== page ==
Prof. William Skelton, who took generations of Colgate University students on the India Study Group that he created and who founded the Colgate Concert Orchestra, passed away on September 23, 2009. He was 86. A bassoonist, he also became adept at playing Indian instruments, particularly the veena and nagaswaram. He was closely associated with the work of Bharatanatyam guru Sudharani Raghupathy.

Eminent artist Serbjeet Singh, husband of art critic Shanta Serbjeet Singh, passed away in Delhi on the morning of August 28, 2009. He is famous for his paintings on panoramic views of mountains.
http://blogs.thehindu.com/delhi/?p=27560


Bangalore based guru Sundari Santhanam, senior student of Padma Subrahmanyam, died of cancer, at 7.30pm on August 24, 2009. She was a specialist in Karanas, and has trained many senior dancers and young promising dancers. She received the Karnataka Kalashree Award of the Karnataka Sangeeta Nritya Academy on July 15, 2009.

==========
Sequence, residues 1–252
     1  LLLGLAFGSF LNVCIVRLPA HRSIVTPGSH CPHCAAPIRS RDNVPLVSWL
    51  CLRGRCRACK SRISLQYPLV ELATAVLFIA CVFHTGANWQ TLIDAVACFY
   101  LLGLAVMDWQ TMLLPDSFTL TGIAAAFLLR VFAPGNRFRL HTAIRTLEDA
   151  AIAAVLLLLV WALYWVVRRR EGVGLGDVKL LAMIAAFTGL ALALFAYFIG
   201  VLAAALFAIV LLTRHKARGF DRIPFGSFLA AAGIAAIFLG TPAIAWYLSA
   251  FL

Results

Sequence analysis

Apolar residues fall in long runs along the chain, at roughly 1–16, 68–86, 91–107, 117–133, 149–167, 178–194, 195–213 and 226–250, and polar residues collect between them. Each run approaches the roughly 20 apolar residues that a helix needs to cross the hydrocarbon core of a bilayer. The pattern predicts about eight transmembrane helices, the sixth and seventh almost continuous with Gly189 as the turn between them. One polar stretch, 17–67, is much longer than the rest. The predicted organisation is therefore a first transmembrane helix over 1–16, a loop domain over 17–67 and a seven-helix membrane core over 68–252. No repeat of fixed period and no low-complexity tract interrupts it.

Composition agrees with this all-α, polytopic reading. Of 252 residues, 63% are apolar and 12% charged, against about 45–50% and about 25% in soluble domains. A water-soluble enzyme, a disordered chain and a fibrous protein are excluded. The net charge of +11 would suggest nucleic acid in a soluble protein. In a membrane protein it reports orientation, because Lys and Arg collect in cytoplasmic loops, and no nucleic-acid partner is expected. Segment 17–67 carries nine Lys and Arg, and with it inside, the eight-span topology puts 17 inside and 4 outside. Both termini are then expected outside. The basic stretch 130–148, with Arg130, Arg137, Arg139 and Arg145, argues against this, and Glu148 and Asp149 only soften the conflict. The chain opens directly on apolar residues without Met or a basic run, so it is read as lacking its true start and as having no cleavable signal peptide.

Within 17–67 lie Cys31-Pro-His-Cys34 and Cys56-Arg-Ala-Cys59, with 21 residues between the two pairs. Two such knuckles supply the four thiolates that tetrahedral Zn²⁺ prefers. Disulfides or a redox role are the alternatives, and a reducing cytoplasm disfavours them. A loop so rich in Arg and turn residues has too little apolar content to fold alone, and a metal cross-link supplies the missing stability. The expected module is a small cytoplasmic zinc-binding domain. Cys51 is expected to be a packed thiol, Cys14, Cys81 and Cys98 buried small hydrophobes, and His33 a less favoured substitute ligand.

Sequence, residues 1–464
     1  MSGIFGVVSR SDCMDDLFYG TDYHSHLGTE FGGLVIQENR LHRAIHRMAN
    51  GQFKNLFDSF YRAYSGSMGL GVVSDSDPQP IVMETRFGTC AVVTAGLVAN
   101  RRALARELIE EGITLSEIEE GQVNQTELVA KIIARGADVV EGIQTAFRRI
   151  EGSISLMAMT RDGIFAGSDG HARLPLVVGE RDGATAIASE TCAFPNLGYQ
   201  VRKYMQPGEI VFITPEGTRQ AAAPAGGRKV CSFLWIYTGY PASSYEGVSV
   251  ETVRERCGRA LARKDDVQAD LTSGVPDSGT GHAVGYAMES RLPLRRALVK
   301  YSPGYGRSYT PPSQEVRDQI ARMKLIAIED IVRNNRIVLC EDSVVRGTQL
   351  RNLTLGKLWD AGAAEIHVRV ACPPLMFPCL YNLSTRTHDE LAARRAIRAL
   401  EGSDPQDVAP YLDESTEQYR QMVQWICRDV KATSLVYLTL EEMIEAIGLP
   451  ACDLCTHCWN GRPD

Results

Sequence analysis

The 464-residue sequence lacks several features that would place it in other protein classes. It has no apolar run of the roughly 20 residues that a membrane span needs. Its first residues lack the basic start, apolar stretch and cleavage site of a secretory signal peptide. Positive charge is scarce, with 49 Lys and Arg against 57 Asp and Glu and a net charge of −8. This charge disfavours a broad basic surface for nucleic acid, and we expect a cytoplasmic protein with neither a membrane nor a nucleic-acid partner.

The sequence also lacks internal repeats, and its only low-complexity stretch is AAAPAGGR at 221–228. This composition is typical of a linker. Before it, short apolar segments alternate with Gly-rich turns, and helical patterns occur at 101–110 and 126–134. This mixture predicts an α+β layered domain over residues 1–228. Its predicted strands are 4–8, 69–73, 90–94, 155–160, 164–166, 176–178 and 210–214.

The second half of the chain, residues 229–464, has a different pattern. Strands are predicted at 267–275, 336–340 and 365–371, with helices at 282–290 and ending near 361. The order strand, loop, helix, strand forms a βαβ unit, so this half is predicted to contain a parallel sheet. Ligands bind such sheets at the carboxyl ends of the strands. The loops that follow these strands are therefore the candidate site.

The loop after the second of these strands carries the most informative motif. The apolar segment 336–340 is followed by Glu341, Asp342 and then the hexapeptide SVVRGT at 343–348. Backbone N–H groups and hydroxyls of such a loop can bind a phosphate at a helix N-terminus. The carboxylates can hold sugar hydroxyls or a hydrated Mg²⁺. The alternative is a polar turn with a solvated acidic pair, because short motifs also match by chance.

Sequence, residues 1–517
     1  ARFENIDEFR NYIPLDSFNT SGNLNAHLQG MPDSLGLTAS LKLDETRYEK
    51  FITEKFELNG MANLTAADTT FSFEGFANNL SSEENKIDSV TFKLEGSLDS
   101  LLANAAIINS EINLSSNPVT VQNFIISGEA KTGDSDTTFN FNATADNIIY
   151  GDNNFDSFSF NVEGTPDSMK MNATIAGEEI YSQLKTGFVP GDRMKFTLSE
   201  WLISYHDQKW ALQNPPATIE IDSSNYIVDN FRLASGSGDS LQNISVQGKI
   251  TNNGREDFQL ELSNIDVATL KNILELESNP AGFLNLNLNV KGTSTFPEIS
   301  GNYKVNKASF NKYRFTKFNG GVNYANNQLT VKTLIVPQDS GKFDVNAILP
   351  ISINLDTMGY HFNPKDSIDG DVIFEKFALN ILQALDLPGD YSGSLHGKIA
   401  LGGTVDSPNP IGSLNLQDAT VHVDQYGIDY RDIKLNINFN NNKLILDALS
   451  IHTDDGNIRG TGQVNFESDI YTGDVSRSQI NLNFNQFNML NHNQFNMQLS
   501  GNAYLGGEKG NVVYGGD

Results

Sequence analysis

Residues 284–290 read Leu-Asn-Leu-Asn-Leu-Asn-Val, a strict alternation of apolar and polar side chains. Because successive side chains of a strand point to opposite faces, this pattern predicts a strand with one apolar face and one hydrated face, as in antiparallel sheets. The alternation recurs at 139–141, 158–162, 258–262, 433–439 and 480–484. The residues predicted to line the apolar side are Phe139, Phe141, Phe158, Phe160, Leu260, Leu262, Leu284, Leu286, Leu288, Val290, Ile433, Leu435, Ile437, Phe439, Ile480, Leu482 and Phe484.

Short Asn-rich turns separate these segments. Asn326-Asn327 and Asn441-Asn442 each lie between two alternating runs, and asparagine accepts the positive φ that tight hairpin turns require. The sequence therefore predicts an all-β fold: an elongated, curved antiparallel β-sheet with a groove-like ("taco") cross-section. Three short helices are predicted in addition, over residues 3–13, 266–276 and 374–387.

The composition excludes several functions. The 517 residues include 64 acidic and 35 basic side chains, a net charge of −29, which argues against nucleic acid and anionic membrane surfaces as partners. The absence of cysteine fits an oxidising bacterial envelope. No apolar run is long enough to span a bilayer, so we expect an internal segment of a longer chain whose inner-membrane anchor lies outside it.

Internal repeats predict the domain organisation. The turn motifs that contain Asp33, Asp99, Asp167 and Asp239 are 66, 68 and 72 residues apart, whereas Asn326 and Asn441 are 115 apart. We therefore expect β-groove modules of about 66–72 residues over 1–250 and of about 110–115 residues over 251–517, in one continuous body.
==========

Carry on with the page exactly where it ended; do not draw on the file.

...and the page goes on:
American choreographer / dancer Merce Cunningham (April 16, 1919 - July 26, 2009) died in New York at age 90. He is credited by many with revolutionizing visual and performing arts. He formed the Merce Cunningham Dance Company in 1953 and choreographed nearly 200 works for the company, as well as over 800 site-specific choreographic works. He continued to dance with the Merce Cunningham Dance Company into the early 1990s when he was into his 80s. In April 2009, Cunningham celebrated his 90th birthday with the premiere of a new work, Nearly Ninety, at the Brooklyn Academy of Music in New York. Also in 2009, the Cunningham Dance Foundation announced the Legacy Plan, a precedent-setting plan for the continuation of Cunningham's work and the celebration and preservation of his artistic legacy.